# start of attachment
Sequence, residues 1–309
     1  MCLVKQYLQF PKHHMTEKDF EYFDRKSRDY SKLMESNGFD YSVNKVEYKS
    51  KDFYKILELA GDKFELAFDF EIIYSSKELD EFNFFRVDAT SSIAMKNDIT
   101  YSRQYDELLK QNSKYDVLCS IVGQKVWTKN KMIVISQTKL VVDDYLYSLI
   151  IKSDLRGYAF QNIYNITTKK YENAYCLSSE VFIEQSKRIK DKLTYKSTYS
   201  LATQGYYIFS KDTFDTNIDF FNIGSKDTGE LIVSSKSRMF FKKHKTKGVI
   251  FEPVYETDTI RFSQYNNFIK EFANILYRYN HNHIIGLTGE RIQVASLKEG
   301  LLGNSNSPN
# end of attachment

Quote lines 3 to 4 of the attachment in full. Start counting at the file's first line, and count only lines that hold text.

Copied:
    51  KDFYKILELA GDKFELAFDF EIIYSSKELD EFNFFRVDAT SSIAMKNDIT
   101  YSRQYDELLK QNSKYDVLCS IVGQKVWTKN KMIVISQTKL VVDDYLYSLI